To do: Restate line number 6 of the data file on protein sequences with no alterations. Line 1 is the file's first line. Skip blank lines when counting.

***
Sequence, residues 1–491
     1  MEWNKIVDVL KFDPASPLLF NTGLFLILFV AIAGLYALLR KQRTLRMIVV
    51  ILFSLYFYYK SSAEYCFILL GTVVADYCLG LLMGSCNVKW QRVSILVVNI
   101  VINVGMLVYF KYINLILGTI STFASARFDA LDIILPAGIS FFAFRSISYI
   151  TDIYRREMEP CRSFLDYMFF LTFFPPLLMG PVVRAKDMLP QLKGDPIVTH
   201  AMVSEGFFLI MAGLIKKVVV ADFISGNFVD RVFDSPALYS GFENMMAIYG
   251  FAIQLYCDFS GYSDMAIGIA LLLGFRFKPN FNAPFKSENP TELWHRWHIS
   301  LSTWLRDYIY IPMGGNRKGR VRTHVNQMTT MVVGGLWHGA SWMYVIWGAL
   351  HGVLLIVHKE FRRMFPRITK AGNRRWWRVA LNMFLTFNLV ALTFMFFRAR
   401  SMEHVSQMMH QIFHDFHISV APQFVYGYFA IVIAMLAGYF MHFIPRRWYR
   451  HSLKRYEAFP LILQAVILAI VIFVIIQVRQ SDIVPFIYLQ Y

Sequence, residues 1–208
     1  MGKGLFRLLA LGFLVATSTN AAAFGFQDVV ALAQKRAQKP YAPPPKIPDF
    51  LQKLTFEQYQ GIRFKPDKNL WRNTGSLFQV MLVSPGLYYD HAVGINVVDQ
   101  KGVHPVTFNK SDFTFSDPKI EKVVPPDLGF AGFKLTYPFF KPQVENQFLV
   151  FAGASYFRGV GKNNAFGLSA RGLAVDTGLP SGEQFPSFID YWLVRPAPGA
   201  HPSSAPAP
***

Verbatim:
   201  AMVSEGFFLI MAGLIKKVVV ADFISGNFVD RVFDSPALYS GFENMMAIYG